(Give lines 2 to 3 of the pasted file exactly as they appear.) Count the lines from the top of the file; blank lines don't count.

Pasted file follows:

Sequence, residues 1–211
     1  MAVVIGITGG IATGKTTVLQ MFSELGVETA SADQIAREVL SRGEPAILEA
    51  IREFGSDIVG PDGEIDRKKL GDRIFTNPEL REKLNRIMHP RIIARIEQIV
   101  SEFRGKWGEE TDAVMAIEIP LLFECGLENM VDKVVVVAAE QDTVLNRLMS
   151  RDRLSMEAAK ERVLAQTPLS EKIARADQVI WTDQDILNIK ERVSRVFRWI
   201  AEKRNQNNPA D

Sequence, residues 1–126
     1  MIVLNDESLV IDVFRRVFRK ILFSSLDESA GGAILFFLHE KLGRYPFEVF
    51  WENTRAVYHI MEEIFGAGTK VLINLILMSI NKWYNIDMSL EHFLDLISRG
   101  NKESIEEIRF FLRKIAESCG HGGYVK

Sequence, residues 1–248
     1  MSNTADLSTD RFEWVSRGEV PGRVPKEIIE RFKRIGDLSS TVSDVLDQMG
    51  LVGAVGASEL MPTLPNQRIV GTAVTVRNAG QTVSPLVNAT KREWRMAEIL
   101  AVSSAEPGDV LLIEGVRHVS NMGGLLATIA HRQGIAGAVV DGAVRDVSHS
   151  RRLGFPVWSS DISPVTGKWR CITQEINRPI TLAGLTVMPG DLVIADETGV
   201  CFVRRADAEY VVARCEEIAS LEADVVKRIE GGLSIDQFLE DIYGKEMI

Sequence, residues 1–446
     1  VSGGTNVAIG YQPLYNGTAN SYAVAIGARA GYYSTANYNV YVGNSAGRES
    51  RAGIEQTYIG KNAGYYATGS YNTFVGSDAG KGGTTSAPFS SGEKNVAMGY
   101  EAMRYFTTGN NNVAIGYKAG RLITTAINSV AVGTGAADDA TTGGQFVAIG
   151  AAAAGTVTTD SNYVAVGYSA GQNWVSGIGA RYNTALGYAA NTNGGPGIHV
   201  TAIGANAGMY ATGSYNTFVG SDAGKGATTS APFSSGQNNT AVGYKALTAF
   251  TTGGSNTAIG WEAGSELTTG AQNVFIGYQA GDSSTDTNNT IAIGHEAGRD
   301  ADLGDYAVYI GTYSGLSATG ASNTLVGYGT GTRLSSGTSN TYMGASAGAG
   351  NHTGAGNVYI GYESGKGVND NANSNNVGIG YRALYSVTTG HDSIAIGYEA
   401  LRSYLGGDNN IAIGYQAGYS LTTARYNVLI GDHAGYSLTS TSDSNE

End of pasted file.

     1  MAVVIGITGG IATGKTTVLQ MFSELGVETA SADQIAREVL SRGEPAILEA
    51  IREFGSDIVG PDGEIDRKKL GDRIFTNPEL REKLNRIMHP RIIARIEQIV